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The Super Bowl XLIX is displayed on the University of Phoenix Stadium in Glendale, Arizona
Charlie Riedel—AP

Not sure if you've heard, but there's a little game called the Super Bowl coming up. It's kind of a big deal, and when something is a big deal, lots of "facts" begin swirling around it that aren't, let's say... entirely factual. Recently, we've heard a few particularly egregious ones, and it's time to correct the record. Here are four Super Bowl myths you should definitely not believe.

1) Football fans will eat 14 billion hamburgers during Super Bowl parties

If you don't think too hard about it, this oft-repeated stat sounds plausible right up until you realize that every American would have to eat slightly over 46 hamburgers at a Super Bowl party for it to be true. That sounds pretty unlikely, especially since one study showed more than half of Americans say they want healthier snacks at Super Bowl gatherings.

Even if we assume the entire globe is interested in the winner of this quintessentially American sports event, each person on the planet would still have to consume two hamburgers during the game. As much as we might want to believe it, neither hamburgers nor American football are that popular outside the good ol' U.S. of A.

2) This year's Super Bowl will be historically unpopular

The meme that fans are uninterested in a Patriots-Seahawks Super Bowl has proliferated in the run-up to gameday. First, Fox Business claimed the game might see record-low attendance—which, as Deadspin pointed out, is extremely unlikely given that every Super Bowl in history has sold-out and University of Phoenix Stadium's roughly 72,000 seating capacity would make this year's Super Bowl the 13th most highly attended Super Bowl ever.

Other news outlets avoided some of Fox's more hyperbolic claims, but made similarly bleak predictions about demand for the game because ticket prices on the re-sale market were lower than they were before fans knew who would be playing. Those claims did have some basis in fact—for a while, tickets were selling for less than $2,000 a seat—but prices have since skyrocketed above $4,000 for the least expensive tickets. That's more than twice what they were just days before, and roughly equal to last year's average ticket price of $4,049 the same number of days before kickoff.

Fans may have preferred some fresh teams to cheer for, but they're still gonna watch the game.

3) The Super Bowl always brings huge economic benefits to the host city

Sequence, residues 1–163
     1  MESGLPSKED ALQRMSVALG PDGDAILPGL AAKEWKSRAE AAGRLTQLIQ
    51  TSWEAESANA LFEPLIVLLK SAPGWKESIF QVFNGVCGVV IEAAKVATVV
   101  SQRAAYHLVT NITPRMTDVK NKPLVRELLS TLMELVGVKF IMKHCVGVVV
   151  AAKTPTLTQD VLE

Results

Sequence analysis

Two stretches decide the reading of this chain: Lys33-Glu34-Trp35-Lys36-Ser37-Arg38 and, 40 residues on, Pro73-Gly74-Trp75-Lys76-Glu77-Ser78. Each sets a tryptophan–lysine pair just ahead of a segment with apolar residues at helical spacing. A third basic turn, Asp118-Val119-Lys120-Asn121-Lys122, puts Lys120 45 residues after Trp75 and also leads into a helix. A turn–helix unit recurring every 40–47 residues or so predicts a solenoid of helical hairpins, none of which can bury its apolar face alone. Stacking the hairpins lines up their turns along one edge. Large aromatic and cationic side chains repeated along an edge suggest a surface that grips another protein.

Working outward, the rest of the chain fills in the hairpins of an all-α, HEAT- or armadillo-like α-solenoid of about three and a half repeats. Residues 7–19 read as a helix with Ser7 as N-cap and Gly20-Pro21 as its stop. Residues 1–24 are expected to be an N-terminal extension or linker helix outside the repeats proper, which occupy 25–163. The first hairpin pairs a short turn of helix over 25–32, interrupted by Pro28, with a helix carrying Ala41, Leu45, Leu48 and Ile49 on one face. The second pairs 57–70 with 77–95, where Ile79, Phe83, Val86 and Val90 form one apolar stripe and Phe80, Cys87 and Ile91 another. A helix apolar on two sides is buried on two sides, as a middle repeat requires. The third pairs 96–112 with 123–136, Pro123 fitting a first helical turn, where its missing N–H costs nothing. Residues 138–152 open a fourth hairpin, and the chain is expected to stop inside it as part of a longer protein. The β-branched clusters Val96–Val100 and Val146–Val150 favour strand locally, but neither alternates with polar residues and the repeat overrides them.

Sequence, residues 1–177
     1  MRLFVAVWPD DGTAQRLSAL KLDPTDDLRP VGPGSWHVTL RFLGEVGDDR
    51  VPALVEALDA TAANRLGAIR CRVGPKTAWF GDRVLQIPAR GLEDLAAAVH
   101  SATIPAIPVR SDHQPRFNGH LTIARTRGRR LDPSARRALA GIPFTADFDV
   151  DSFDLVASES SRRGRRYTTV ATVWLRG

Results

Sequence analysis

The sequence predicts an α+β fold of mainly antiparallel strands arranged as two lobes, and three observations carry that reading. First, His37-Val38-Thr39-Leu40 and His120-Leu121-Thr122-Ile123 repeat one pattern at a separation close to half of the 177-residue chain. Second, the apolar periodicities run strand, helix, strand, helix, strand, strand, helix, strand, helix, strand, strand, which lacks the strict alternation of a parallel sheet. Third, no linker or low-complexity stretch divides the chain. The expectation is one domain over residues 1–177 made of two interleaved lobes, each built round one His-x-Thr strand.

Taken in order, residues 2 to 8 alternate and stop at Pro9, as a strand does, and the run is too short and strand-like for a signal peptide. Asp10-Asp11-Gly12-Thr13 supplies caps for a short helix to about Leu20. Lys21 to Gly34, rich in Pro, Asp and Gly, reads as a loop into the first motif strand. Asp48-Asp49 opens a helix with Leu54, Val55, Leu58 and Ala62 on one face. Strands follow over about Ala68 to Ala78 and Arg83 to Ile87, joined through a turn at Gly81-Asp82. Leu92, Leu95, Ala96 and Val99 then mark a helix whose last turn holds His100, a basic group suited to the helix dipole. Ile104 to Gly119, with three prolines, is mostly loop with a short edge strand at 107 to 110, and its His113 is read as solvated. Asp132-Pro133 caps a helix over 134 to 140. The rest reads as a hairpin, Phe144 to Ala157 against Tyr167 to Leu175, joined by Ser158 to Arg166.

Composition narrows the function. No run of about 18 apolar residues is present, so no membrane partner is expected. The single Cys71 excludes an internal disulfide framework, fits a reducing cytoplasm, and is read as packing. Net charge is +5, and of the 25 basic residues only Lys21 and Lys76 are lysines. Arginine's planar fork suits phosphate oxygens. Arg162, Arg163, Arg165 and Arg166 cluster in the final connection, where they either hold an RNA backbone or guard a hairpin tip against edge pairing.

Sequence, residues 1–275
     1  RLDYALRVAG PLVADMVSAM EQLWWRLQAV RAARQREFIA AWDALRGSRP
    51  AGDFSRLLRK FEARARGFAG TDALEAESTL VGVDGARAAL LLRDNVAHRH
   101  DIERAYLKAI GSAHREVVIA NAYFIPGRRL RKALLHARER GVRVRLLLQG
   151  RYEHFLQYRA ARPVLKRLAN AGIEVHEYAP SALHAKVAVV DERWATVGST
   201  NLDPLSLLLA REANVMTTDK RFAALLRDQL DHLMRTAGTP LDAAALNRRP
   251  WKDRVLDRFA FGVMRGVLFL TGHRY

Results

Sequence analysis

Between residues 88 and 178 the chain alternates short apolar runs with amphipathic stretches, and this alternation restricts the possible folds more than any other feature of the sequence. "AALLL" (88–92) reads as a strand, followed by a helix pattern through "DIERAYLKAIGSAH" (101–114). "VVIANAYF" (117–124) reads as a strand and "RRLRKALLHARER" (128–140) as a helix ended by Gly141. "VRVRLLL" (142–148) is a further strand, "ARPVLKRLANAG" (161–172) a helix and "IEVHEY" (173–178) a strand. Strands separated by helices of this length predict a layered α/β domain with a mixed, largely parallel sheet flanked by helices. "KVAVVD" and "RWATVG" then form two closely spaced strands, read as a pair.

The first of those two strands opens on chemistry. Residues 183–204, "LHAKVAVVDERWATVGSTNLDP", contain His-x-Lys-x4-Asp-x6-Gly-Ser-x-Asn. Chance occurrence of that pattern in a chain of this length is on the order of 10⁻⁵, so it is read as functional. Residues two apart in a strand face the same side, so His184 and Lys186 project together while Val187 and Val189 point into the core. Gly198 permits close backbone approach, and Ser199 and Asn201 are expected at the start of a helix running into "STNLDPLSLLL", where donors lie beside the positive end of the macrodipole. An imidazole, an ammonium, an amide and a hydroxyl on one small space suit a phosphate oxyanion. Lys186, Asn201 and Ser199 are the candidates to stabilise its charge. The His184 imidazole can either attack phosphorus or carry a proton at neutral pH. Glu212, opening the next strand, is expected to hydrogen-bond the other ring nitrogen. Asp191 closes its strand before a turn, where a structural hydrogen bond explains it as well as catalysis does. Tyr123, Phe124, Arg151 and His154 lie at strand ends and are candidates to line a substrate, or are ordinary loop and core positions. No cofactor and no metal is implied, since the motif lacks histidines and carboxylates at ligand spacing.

Last week, the Arizona Republic's editorial board crowed that the Super Bowl would be an economic boon to Glendale, the city playing host to this year's event, and the surrounding cities.

"More than 100,000 well-heeled people are coming to town for the game. They'll spend freely in hotels, restaurants and night clubs before going to University of Phoenix Stadium," wrote the paper, before citing studies that showed previous hosts, like Indianapolis and New Orleans had made hundreds of millions of dollars from hosting past Super Bowls. Indeed, the Arizona Super Bowl Host Committee estimates the game will have a $500 million economic impact on the state as a whole.

But as ABC reports, many experts believe the true benefit will be significantly lower, with one economist putting the game's economic contribution at between $30 and $130 million—well below the Host Committee's figures. Perhaps the most vocal doubter of the Super Bowl's economic is Glendale's own mayor, Jerry Weiers, who worries the game's costs, like a $2.1 million bill for security, will hurt more than help the city's finances. As the New York Times recently noted, more than 40% of Glendale's already significant debt—equal to almost 5% of its annual tax base—is "dedicated to paying off sports complexes." That's not exactly the economic success story the Super Bowl bulls are trying to sell.

4) The Super Bowl "Flush Effect" is a threat to our local water and sewage systems

One of the Super Bowl's most persistent myths is the idea that everyone flushing their toilets simultaneously during commercial breaks, the half-time show, and right after the game could spell trouble for municipal water systems nationwide.

A surprisingly large amount of research has been done on this topic, and it does confirm one aspect of the myth: Everyone does flush at once, and it has a noticeable effect on the water supply. An analysis by the Palm Beach County Water Utilities Department during the 2011 Super Bowl found an extremely large spike in water use during half time, and another surge during the Lombardi Trophy presentation.

Immediately following the 2012 Super Bowl, which featured the New York Giants, the Department of Environmental Protection also found toilet use spiked 13% in New York City. The New York Post reported post-game water usage "was so strong that the 30-foot-deep water level in the Hillview Reservoir in Yonkers actually decreased by 2 inches after the contest."

But of course none of these events caused actual damage to the water system. Following Sunday's game, everyone can flush freely without guilt.